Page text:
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Common toilet problems and how to deal with them

Slow flushing toilet got you flustered? In this article we take on common toilet problems, including what not to flush in the loo!


By Cleanipedia Team

common toilet problems: how to fix a slow flushing toilet

Key steps

  1. Provide a small pedal bin by your toilet for the disposal of sanitary items, cotton wool, toilet roll tubes and more. Nothing should be flushed down the toilet except toilet paper (and your own waste), and being able to throw away old tubes conveniently stops them being stashed around the toilet and accidentally falling in.
  2. Keep any shelves or windowsills around your toilet clear. It can be easy to knock things into the toilet and if they drift down the wastepipe they can cause a blockage.
  3. Clean your toilet regularly with a product containing limescale remover such as Domestos Zero Limescale. Built-up limescale can come loose and contribute to blockages.

A toilet that won’t flush down fully, or a slow flushing toilet, often means a blockage has developed in the wastepipe, stopping water from travelling through cleanly. It’s important to fix this problem straight away, as blockages can put unnecessary pressure on pipes and cause longer-term plumbing problems. Besides, a smoothly flushing toilet makes for a much more pleasant bathroom for everyone.

Luckily, it’s not hard at all to clear a toilet whose flush is slow using our tips below. Here’s how to fix a slow flushing toilet in four easy steps:

  1. Turn off the toilet’s water supply and flush to minimise the amount of water in the bowl. This will make it much cleaner and easier to remove the blockage in one piece. Now is a good time to put on some gloves, too.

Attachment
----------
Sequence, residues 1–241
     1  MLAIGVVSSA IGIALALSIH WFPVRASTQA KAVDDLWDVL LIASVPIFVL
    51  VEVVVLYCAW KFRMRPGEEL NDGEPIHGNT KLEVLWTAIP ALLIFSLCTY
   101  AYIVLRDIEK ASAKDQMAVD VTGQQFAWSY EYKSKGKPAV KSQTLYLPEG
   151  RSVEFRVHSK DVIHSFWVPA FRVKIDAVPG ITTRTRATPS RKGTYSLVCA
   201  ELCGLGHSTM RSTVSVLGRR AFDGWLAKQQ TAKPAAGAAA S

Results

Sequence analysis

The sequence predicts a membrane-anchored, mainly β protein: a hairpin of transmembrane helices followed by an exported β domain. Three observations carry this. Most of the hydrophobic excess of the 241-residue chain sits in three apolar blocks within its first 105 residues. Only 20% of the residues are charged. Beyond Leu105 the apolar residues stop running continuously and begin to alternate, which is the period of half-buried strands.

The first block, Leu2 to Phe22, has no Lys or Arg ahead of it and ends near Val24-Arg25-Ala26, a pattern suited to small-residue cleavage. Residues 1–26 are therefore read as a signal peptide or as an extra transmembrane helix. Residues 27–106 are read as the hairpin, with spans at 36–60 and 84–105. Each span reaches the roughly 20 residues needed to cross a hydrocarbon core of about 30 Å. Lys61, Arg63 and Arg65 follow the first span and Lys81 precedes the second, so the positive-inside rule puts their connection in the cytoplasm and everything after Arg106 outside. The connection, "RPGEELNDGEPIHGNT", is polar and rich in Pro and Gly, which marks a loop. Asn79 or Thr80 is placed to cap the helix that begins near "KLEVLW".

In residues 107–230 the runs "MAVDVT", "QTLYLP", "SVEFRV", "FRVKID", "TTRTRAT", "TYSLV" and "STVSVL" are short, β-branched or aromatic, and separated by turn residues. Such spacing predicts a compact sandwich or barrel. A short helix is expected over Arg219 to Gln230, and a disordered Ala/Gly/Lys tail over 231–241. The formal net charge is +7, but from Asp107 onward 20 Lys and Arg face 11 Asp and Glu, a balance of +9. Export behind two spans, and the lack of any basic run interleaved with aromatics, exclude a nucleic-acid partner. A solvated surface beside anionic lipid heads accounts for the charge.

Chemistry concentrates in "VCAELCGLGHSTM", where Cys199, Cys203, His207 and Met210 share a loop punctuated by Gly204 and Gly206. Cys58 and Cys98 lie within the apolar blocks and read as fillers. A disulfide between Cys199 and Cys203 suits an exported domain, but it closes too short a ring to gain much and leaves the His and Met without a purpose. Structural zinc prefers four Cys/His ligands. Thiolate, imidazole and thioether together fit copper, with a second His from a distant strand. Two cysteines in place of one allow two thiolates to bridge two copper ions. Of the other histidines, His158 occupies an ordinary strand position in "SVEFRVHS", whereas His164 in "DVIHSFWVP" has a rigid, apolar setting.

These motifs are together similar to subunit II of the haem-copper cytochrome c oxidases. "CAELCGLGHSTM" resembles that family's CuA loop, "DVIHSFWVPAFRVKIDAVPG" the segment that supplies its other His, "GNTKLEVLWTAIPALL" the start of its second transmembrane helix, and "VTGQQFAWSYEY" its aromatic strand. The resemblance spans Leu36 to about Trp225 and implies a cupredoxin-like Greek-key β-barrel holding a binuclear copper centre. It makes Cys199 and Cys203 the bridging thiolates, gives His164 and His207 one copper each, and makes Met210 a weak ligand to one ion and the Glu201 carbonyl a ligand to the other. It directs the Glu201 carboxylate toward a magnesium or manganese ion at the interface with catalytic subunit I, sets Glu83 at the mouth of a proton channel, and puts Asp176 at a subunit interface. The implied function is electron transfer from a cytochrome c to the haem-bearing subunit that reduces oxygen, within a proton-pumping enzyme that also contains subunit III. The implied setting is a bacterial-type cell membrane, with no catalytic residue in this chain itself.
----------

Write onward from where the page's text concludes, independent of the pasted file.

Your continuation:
2. Use a rubber plunger to remove large blockages. Hold the plunger with both hands, ensuring the rubber cup completely covers the entrance to the wastepipe. Plunge in and out rapidly to create a vacuum and drag the blockage out of the pipe. Have a bucket ready to scoop out whatever was stuck in there.
  3. Remove any remaining grime by applying some Domestos bleach under the rim and allowing it to work its way down the toilet bowl. The bleach will work to breakdown stubborn dirt and any remaining blockage you may not be able to see.
  4. For a more serious blockage, you may also want to use a specialised toilet blockage product. These contain ingredients intended to break down solidified blockages, and their thick consistency clings to it to help pull it away from the sides of the pipes. Bleach is a powerful chemical; so be sure to follow instruction on the bottle, wear rubber gloves, keep doors and windows open for good ventilation, and prevent the drain cleaner mixing with any other cleaning products.
Regularly applying toilet bleach, such as Domestos, can help to stop bigger issues from building up. Blockages can really put strain on your pipes, so you’ll lengthen the life of your plumbing by avoiding them as much as possible.

Safety Warning

Use biocides safely. Always read the label and product information before use.

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Originally published